Introduction

After surviving my first semester of college, I have come to realize it is as hard as everyone said coming to the University of Richmond would be. Looking back at this course, FYS: Dystopia, Revolution, and Leadership it has helped me create the realization of the level of expectation for my future writing experiences.

This WordPress blog is the account of my work over this first semester. It consists of three different stages of the writing process: Stage One, an analysis paper on a dystopian issue present or formerly present in the real world. Stage Two, an integration paper mixing historical information with a fictional dystopian work. Lastly, the Final Paper, a comparative research paper comparing two or more fictional works with a real-life dystopian issue.

My Stage One paper started on the difference in culture of a totalitarian government, Soviet Union and a capitalist government, the United States. Following that paper I altered my topic of dystopia more towards the totalitarian government issue. For Stage Two I integrated 1984, by George Orwell with Soviet Russia. I was able to argue that totalitarian governments caused their citizens to lose all basic human rights. My argument, however, was still quite vague and needed more definition and narrowness. My Final Paper was a research paper about how totalitarian governments in 1984, by George Orwell and The Hunger Games, by Suzanne Collins oppressed their citizens. I argued how the only way for citizens of such government rule to persevere through the oppression was to retain their beliefs and their humanity (free thought and drive).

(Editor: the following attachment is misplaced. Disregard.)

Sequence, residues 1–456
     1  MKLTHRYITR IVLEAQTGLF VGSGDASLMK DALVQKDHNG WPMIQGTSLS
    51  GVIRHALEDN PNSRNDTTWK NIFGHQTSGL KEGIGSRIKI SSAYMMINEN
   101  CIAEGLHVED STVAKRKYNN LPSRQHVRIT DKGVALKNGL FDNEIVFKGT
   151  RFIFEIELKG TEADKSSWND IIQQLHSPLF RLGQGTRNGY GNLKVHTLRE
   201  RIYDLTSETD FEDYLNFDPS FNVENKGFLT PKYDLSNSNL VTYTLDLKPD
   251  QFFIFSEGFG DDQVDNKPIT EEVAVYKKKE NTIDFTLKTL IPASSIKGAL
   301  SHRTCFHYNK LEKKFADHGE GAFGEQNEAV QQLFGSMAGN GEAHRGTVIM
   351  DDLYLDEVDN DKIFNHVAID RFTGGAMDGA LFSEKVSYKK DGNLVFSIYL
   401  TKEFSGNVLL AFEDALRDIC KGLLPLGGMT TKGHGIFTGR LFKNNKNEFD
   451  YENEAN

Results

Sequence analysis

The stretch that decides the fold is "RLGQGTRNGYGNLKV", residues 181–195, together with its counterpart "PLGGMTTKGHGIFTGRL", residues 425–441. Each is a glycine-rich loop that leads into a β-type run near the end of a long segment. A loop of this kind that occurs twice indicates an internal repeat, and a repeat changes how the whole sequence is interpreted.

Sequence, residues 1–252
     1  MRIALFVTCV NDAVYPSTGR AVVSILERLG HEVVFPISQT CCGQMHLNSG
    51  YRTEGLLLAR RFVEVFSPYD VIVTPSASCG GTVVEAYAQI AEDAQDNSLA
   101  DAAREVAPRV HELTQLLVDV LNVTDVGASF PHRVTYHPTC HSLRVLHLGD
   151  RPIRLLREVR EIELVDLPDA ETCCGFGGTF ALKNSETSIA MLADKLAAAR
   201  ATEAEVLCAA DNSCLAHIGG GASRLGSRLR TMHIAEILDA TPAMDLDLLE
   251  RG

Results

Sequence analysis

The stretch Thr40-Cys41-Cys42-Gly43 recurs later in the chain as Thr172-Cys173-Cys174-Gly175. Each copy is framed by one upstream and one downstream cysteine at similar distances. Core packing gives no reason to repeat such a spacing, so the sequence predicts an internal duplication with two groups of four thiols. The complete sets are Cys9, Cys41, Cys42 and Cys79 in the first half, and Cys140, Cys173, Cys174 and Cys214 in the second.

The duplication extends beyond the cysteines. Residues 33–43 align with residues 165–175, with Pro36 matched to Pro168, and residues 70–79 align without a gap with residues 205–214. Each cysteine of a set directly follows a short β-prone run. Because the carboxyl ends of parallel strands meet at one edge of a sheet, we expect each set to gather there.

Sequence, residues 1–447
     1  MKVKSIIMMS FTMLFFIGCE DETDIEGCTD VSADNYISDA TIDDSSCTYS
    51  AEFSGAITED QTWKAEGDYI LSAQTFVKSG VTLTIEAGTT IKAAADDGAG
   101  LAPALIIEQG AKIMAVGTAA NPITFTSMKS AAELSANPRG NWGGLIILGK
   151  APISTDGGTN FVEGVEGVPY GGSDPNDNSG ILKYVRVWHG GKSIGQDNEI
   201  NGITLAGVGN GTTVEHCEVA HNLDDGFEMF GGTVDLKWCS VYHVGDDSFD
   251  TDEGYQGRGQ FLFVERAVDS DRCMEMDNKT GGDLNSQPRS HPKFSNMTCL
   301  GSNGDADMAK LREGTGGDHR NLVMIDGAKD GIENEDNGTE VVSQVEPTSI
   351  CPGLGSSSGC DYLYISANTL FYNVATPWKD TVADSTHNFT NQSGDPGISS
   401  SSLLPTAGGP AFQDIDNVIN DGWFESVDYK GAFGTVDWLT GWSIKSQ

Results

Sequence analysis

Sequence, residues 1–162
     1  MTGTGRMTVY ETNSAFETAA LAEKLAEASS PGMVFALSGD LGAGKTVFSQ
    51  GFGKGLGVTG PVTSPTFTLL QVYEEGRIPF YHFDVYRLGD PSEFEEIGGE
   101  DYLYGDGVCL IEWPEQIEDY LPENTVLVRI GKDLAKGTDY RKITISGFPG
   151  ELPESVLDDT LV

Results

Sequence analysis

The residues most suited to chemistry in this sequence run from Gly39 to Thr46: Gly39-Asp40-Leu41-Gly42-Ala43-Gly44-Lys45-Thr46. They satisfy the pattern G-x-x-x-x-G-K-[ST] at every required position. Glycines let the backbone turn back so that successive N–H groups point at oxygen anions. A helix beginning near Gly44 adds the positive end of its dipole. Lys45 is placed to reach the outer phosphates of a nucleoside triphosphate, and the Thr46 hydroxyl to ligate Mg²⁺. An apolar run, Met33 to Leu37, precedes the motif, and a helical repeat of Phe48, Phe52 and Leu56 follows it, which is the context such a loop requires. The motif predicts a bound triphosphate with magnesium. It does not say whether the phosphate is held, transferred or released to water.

After reading the novels 1984, The Road, and The Hunger Games, as well as, watching the films, V for Vendetta and Watchmen and the video game, Bioshock I began to realize the common theme of dystopia in our world. In a society where we go to school, work for ourselves, and make our own decisions it seems impossible for a world to exist where those decisions are made for you by the government or an authoritarian power. They are such obvious necessities for our lives that we take them for granted when in fact, there are situations around the world, currently and formerly where people were unable to make life decisions for themselves.

Through my research of dystopian societies, more so the totalitarian based societies I have been able to realize how important power is in mankind. The reason all totalitarian systems are capable of retaining power is due to their superior control of power.

Power is not something that someone can own. Power is a noun, yet power is not an animate object. Through my research and time in class this first semester, power is relevant in every society, in every person, in every possible situation.

My blog is a construction of my written and thought work throughout the process of this writing experience. This blog contains most of my writing throughout the semester minus some extra drafts and outlines. For the most part, all of my ideas about dystopia are influenced in to my writing. This class has given me another view of the world, the view of what the world will look like if it got flipped inside out.